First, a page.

The experts say that you shouldn't go to the market when you're hungry and it's true. All sorts of caloric and financial havoc happens when your stomach is grumbling as you stroll down the aisles.
Fortunately, there are a number of markets in town that also have great little eateries attached to them. So, if you plan it right, you can grab a meal first, get that rumbling tummy sated and then grab a cart and pick up your groceries.
Here are some of my favorites:
- Balboa International Market at 5907 Balboa Ave. in Clairemont. I've raved about the lamb shank and rice with fava beans but they also have great stews and kabobs that come with a full helping of rice and salad. You can also pick up containers of tabouleh or other salads and a chunk of one of their many feta cheeses. And, of course, freshly made flat bread.
- Parsian International Market, another Middle Eastern market, in at 4020 Convoy in Kearny Mesa. They have delicious wraps and kabobs as well as Greek salads, soups and, well, just a tremendous selection of traditional Middle Eastern fare. Eat indoors or on their breezy patio on Convoy.
- Mitsuwa at 4240 Kearny Mesa Road in Kearny Mesa. I never know whether to indulge in their delicious steaming bowls of ramen (no, the real deal, not Top Ramen) or some udon. Or perhaps sushi, freshly made in the store. Mitsuwa's food court always seems packed with ravenous people.
- Northgate Gonzalez at 1410 S. 43rd St. in Southcrest. Hmmm. Butterflied roast chicken? Carnitas? Or perhaps a container of one of their amazing ceviches? The very long aisle of prepared foods invites happy confusion so bring some friends and order a bunch of dishes to try at one of the tables nearby.
- Foodland Mercado at 1099 E. Main St. in El Cajon. I love the sopes in their taqueria--it's a thick, tart-like tortilla filled with beans and carne asada or chicken, then topped with crema, cheese and salsa. They also have a wonderful grilled whole chicken, tacos, tortas and burritos.
- Mercado 2000 International at 1415 3rd Ave., in Chula Vista. This place was a happenstance discovery I made with my friend chef Deborah Schneider while we were hunting for someplace else. But we were rewarded by our curiosity. Around the corner of the store in the parking lot, they have a little taco shop. Truly, it's nothing to look at but the food is delicious: tacos, tortas, tamales. I had what's called a mulita, basically a thick tortilla sandwich with grilled chicken, cilantro, scallions, avocado and cheese. Plus a taco made with lingua (tongue).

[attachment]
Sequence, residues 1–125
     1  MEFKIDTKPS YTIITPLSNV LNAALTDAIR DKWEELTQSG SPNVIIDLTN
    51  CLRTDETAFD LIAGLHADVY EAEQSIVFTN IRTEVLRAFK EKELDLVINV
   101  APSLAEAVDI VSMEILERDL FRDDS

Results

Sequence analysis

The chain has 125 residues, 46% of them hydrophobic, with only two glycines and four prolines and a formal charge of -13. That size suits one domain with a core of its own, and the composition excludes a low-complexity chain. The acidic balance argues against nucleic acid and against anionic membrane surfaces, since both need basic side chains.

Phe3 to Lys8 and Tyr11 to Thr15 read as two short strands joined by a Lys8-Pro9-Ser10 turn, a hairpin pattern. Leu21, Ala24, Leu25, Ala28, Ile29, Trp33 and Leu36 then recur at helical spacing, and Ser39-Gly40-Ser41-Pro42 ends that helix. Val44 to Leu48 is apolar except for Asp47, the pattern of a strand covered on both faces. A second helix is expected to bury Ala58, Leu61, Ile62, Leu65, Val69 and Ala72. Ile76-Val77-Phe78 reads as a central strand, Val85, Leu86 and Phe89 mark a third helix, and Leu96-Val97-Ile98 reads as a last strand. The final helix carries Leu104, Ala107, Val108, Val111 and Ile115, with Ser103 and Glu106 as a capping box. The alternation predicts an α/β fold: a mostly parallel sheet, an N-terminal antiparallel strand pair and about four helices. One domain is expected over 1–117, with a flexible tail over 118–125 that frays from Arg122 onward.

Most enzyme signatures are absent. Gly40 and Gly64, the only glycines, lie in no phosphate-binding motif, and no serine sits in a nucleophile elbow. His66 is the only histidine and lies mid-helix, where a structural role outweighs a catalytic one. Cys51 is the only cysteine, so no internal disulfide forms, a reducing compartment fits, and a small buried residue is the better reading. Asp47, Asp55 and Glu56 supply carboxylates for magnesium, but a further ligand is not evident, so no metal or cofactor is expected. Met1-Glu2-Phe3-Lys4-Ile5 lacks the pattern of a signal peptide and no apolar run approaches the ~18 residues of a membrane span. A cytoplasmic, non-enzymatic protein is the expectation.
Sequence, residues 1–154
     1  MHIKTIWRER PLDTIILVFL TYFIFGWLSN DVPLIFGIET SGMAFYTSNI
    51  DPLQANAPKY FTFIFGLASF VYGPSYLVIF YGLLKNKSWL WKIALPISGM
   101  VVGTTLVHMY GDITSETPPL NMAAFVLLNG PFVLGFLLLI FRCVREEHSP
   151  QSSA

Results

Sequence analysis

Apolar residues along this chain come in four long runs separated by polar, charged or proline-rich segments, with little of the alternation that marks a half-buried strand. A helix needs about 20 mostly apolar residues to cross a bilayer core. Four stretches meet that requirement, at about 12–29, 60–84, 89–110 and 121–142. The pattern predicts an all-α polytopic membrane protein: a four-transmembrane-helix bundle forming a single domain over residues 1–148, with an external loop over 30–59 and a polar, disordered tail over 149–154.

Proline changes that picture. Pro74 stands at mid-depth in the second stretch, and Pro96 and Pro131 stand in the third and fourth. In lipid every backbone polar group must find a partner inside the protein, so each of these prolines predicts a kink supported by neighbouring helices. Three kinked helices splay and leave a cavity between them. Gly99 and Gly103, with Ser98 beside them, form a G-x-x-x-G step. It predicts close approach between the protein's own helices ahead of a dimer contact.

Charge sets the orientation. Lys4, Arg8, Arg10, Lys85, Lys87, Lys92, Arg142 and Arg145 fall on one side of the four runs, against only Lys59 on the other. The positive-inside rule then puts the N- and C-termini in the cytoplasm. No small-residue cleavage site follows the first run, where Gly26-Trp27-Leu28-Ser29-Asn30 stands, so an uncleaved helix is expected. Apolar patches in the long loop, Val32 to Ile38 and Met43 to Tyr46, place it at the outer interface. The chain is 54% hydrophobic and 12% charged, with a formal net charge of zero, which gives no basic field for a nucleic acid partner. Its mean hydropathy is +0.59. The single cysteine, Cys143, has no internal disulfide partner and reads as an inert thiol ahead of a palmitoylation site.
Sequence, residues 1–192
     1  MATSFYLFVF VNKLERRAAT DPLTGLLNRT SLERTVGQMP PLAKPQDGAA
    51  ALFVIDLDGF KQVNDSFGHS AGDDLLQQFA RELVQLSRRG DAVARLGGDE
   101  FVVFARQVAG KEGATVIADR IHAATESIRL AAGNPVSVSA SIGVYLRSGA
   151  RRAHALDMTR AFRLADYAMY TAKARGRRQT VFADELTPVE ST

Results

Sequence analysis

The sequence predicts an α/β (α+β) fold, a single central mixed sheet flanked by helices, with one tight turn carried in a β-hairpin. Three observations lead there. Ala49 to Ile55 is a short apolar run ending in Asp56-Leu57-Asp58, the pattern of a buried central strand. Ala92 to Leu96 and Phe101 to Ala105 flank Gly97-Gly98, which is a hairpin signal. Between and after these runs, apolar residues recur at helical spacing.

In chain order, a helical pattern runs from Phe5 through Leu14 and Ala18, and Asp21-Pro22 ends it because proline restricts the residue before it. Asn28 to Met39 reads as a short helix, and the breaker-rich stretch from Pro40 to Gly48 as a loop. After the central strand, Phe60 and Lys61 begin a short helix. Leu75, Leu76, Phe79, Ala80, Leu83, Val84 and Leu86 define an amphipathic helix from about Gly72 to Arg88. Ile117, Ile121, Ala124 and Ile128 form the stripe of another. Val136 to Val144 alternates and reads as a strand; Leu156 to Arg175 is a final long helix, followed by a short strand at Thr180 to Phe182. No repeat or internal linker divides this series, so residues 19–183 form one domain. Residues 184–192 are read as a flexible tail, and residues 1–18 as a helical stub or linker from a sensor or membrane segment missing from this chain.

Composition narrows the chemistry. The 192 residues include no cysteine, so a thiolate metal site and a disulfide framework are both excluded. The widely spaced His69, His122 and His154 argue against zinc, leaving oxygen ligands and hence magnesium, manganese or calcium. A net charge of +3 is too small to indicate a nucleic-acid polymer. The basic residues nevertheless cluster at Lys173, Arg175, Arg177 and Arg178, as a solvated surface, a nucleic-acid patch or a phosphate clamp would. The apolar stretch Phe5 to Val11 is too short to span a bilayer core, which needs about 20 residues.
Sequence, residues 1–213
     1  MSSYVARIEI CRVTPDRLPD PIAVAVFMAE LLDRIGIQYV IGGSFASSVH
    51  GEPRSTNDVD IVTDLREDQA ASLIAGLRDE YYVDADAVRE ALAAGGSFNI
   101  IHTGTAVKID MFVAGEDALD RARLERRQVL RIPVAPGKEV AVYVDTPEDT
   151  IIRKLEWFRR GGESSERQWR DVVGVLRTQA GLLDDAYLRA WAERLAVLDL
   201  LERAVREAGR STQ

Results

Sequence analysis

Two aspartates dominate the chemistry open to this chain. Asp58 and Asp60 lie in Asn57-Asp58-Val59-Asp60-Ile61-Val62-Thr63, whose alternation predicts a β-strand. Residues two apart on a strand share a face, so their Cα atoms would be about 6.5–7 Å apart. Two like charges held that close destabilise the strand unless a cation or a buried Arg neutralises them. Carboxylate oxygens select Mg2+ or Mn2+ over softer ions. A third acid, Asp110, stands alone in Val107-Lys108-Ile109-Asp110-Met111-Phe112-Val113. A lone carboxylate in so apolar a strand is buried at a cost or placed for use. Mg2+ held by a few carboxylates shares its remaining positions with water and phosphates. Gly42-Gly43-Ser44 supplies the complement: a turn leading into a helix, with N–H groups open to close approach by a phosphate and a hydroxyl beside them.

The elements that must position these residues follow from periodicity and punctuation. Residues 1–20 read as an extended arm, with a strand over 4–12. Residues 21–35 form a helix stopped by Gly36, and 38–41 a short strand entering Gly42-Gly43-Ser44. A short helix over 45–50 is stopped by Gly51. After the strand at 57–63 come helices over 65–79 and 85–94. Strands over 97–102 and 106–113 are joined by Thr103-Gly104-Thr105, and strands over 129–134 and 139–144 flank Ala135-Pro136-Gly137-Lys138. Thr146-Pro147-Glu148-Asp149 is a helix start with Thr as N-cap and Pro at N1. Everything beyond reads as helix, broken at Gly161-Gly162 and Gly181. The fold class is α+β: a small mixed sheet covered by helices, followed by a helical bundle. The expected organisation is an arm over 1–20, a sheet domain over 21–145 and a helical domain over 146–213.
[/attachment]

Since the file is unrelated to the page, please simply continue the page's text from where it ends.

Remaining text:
- Lucky Seafood on 9326 Mira Mesa Blvd. in Mira Mesa. I had my first banh mi sandwich here and it set me off on a course of true love. It's a warm, crispy French baguette encasing a little pate, pork or other meat, jalapeno pepper slices, sprigs of cilantro and shredded carrots. It's a wonderful mouth experience. And that's just at the express counter. Attached to the shop is a little restaurant where you can get the most amazing pho. Large, steaming bowls of soup filled with different meats and accompanied by herbal condiments make for a hearty meal.
And what about the farmers markets? My choices for dining and then shopping are the Hillcrest, Little Italy and La Jolla markets. At the Hillcrest market, try the trio of tacos for $5. Or the empanadas.
And get a cup of coffee with coconut-flavored whipped cream from my friend David at the orange truck that is Joe's on the Nose (he's also at the Little Italy Mercato on Saturdays). At the La Jolla market are crepes and kabobs, waffles and a full complement of Mexican food. In Little Italy and Hillcrest, the terrific Rey Knight of Knight Salumi is now grilling sausages and making sandwiches.